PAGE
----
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Using Multiple Hypotheses to Improve Target Tracking

Using Multiple Hypotheses to Improve Target Tracking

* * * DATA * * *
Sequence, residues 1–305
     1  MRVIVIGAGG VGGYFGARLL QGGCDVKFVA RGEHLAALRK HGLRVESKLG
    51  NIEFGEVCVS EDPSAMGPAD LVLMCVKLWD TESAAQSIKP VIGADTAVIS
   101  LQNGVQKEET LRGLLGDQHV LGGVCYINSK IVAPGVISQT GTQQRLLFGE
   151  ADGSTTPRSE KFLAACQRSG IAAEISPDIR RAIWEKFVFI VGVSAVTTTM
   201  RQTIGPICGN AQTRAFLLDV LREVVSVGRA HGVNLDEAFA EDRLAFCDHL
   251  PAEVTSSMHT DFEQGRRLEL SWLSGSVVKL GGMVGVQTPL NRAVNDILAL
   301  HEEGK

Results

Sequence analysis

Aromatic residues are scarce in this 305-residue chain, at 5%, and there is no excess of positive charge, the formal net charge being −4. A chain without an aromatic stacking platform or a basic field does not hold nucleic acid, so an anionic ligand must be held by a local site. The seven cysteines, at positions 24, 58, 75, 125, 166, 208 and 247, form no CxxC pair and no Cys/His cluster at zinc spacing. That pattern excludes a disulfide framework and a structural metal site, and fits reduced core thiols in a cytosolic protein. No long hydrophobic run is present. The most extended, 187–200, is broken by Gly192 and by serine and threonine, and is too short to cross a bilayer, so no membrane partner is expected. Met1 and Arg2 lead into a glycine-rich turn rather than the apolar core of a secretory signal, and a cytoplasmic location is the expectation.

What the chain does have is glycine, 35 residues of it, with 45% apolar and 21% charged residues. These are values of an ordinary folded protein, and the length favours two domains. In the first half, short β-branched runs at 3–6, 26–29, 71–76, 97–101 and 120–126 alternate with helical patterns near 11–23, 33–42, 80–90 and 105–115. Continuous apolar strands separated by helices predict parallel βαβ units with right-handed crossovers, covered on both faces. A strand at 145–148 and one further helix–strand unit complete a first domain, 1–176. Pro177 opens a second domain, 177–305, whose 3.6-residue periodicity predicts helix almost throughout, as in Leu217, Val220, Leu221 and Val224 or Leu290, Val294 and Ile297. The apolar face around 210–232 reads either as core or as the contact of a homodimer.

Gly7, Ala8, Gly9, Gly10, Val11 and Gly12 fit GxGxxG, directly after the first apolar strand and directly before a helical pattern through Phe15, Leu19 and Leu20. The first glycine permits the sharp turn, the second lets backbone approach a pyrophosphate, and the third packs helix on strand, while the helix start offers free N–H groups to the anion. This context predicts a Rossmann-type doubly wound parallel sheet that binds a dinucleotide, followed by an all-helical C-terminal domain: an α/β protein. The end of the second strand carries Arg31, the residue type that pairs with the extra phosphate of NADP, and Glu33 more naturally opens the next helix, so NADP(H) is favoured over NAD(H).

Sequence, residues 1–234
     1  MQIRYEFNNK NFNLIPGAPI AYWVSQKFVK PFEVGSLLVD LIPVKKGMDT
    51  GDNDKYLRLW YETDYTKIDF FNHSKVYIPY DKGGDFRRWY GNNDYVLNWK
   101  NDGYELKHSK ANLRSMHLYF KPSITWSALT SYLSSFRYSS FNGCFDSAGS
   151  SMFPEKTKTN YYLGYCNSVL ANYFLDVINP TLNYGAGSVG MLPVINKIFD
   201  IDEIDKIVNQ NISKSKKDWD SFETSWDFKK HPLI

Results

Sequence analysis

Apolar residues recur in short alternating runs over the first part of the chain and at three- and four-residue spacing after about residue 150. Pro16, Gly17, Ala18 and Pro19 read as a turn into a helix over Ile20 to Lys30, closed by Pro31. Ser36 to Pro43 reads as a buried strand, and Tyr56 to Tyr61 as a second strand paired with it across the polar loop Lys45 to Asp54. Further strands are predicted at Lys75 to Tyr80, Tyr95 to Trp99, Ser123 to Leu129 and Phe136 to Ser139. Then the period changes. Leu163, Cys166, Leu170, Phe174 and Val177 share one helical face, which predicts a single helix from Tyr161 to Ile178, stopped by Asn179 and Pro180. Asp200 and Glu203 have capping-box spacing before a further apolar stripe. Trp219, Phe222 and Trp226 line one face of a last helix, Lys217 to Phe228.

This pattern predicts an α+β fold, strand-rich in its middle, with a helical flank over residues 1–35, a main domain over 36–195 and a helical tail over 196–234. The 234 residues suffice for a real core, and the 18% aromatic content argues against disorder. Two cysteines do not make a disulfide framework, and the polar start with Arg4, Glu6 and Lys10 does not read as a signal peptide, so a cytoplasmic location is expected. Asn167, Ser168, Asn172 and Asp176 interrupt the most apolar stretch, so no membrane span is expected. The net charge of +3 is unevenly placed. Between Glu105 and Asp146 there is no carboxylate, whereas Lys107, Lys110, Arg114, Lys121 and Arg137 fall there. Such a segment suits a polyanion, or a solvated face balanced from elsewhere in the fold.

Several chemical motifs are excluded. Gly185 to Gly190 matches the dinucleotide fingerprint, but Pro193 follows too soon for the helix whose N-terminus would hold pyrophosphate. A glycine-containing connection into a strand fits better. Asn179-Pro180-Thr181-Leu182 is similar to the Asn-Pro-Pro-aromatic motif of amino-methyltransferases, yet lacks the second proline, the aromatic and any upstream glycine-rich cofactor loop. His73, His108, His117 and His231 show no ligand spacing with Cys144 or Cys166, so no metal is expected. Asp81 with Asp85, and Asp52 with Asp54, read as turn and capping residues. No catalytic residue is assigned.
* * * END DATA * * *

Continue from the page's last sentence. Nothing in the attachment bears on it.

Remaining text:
If the measurement of a target's position by a surveillance radar were perfect and precise, tracking would be much easier. Changes in position would be easily converted into speed, course and accelerations, allowing motions and manoeuvres to be followed. The problem of matching tracks with measurements (the association problem) would not be the challenge that accounts for much of the complexity in a practical tracking implementation. In the face of uncertainty and ambiguous measurements, a target tracker can use multiple hypotheses to accommodate different interpretations of the data, effectively allowing decisions to be deferred until additional information arrives. Complexities of target tracking The complexities of target tracking arise from the uncertainties in the measurement process associated with variations in the way radar is reflected from a target and the effects of the environment. The accuracy of the measurement process can be reflected by the weight given to the measurement in updating the estimate of the target. This weight is represented by the filter gains (for example alpha-beta in the alpha-beta tracker, or the Kalman gains of the Kalman filter), so that a...

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